“The painter wanders and loiters contentedly from place to place, always on the lookout for some brilliant butterfly of a picture which can be caught and set up and carried safely home.”
– Winston Churchill, 1948, Painting as a Pastime
Ten years ago, I left the monastic life of my studio practice to engage with the world differently, by literally facing it. The change came with the invitation to teach for a summer study-abroad program in Central Italy. I designed a course that focused on journalistic drawing—a practice of on-site investigation, of working as both correspondent and artist. I created the class as much for myself as for my students, and when I wasn’t teaching, I practiced what I preached. The result is an ongoing series of drawings that explores discovery and the experience of place through site-specific inquiry.
Outskirts of Town, ink on paper, 15 x 11.5”
My principle subject is Viterbo, a humble, walled, medieval city on the traditional pilgrimage route to Rome. I roam the streets in search of serendipity, and these images are the results. There is an English slang term, “coddiwomple,” which seems apropos, meaning “to travel in a purposeful manner towards a vague destination.” Inspiration for me has much to do with being at the right place, and at the right time. Turning a corner can cause your heart to skip a beat. Capturing that sense of wonder on paper is the challenge.
From Trash to Treasure, ink on paper, 15 x 11.5”
Drawing on site is an experience as well as an art. It’s extra-sensory. As I sit and draw for hours on the streets, I soak up every inch of the scene, along with its sounds, smells and local characters. My goal is to translate that rich experience through my drawings—impressions as well as appearances.
Earlier in my career, I created places; now I bear witness to them. My work turned from inward-looking to outward-looking. Drawings had always been a mirror to my brain. Now they are a window to a faraway place.
I usually sit before my subject for a couple of hours. After that, the light has changed but the image on the page is well formed. Later in my studio I add more ink to darken the images, and use photographs to add any “telling” details I might have missed.
The Courtyard, ink on paper, 15 x 11.5”
In my work, I’m not just the observer; I’m the observed. Often, people look surprised or confused by the scene I’m drawing. They stop and look at what I’m facing. “Why that?” they seem to think. They point to the cathedral or a fountain and tell me to draw there. But those sites usually don’t need me. I choose to focus attention elsewhere. My subjects are often simple and direct, unglamorous and unromantic. I try hard to follow my instincts and to honestly capture what draws my attention and pleases my senses. I hope to reveal something special in the overlooked. More often than not, the drawings feature a strong sense of light and shadow, texture, and a contrast of big shapes and little details. I focus on the personality of the places and the gesture of forms.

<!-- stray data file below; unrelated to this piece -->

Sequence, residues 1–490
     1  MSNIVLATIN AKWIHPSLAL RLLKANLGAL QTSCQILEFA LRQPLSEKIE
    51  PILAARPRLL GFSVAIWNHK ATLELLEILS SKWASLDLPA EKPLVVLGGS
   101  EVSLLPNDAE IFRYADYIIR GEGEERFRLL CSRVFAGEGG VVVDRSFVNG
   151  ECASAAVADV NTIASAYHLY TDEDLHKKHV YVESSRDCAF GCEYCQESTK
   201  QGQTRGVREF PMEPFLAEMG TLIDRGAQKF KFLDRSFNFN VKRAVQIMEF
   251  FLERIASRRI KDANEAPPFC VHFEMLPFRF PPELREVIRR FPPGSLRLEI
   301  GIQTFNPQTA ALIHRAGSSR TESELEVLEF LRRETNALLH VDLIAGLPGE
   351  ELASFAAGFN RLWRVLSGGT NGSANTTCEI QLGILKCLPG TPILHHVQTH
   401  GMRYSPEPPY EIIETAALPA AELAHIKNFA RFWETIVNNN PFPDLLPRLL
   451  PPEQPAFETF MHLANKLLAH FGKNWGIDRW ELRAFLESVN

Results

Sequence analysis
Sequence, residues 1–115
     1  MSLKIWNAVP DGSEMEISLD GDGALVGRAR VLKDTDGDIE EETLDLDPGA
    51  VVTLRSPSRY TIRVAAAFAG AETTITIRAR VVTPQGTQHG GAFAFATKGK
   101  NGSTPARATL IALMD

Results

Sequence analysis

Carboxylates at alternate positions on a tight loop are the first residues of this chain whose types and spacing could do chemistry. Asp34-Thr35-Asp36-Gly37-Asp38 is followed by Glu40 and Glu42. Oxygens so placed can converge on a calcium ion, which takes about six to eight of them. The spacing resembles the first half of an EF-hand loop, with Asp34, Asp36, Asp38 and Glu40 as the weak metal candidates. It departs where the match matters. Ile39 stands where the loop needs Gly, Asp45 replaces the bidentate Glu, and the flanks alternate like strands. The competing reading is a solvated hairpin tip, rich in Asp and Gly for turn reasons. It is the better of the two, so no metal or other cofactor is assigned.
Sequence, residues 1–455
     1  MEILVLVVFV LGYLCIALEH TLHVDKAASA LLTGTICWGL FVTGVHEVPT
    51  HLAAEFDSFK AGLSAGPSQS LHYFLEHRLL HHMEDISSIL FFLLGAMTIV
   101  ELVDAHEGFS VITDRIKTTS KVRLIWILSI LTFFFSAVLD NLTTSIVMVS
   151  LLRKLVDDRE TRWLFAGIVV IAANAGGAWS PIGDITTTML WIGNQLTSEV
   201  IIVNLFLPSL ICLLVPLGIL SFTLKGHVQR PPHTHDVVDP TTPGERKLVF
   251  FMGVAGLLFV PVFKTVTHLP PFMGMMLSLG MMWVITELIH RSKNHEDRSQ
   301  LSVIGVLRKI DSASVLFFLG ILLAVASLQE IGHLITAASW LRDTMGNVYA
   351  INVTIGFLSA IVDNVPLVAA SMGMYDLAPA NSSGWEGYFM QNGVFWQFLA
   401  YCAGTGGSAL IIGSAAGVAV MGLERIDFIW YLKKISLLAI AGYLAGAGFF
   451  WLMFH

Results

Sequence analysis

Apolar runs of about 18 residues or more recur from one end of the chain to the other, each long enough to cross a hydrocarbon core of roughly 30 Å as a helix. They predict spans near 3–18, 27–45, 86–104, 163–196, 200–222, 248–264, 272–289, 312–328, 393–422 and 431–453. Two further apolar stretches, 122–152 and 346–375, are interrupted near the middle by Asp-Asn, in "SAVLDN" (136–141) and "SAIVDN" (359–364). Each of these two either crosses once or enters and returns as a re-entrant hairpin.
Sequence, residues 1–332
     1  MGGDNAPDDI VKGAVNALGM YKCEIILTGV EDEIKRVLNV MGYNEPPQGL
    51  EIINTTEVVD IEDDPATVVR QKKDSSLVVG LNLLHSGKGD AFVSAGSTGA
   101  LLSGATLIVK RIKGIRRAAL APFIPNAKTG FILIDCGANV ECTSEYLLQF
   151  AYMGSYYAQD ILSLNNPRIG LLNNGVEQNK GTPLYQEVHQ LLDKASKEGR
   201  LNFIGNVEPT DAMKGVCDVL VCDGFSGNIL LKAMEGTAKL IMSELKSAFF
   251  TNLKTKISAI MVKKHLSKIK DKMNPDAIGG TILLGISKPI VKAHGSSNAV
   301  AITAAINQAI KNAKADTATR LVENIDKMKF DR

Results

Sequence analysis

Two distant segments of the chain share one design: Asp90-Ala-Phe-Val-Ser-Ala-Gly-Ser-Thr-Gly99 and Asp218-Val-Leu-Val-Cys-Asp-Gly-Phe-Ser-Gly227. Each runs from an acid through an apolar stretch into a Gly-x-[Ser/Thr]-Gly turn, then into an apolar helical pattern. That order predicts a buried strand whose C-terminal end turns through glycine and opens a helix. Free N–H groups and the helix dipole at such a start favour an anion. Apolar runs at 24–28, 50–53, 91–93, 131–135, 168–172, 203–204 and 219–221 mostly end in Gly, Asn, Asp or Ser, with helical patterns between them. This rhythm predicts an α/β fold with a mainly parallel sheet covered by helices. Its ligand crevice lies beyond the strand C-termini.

Wide View of a Narrow Piazza, ink on paper, 15 x 11.5”
To walk through Italy with your sketchbook is to walk in the well-worn footsteps of generations of traveling artists. Think of all the artists who traveled nearby: Corot, Goethe, Escher, Fragonard, Inness, Delacroix, and Claude Lorraine. Up in Venice, Sargent, Turner, and Whistler created stunning art of witness and wonder. And those are just the tip of the iceberg. It’s intimidating. It took years for me to draw the Coliseum in Rome, despite visiting it a number of times. I wasn’t ready yet to take my turn and exist in comparison to such giants.
The Coliseum, ink on paper, 11.5 x 15”
Soon I’ll head back to Italy, and again, I’ll draw constantly for a month. Where I’ll draw and where the work itself is going, I’m not exactly sure. It seems that each year, I add more and more complexity, and more and more ink. Last year, I created a triptych and perhaps that is where I’ll start next—exploring the connection of multiple drawings. My biggest fear is the loss of the initial inspiration and spontaneity that sparks the piece. I’ve killed drawings by overworking them. But then, I’ve hurt them too, by quitting too soon, and feeling later that there was more to say but that I was afraid of ruining things. It feels at times like walking a tight rope.
Rooftop View of a Medieval Town, ink on paper, 45 x 11.5”
“Drawing makes you see things clearer, and clearer and clearer still, until your eyes ache.”
– David Hockney (artist, b.1937)
Fred Lynch is a professor of illustration at Rhode Island School of Design (his alma mater). He teaches in Central Italy each summer for Montserrat College of Art, where he was a professor for many years. Fred’s work can be found in books, magazines, exhibitions, and online at FredLynch.com. He has taught drawing workshops in Italy, Spain, Brazil, England and the United States. Fred lives in Winchester, Massachusetts.
MARTHA ROSLER From the inception of her career, Rosler has maintained her investigation into the distribution and reception of mass-produced images, using the collage format to layer disparate images—from fashion, advertising, lifestyle, politics, and war—to suggest the simultaneity and co-dependence of seemingly distinct realities.
JEANNIE MARSHALL I noticed smaller details such as Michelangelo’s delight in painting muscular legs. I saw the softness of the feet, of the toes in particular... Suddenly, I couldn’t believe all the toes Michelangelo had painted and how that made this story a tale of humanity as much as divinity.
AMY WELDON Hoisting our backpacks, my students and I start up a narrow staircase that points us left and right. In November 1820, John Keats and his friend Joseph Severn climbed these stairs to two small rooms above the Spanish Steps, ready to stay until the end, which they knew wouldn’t be far away.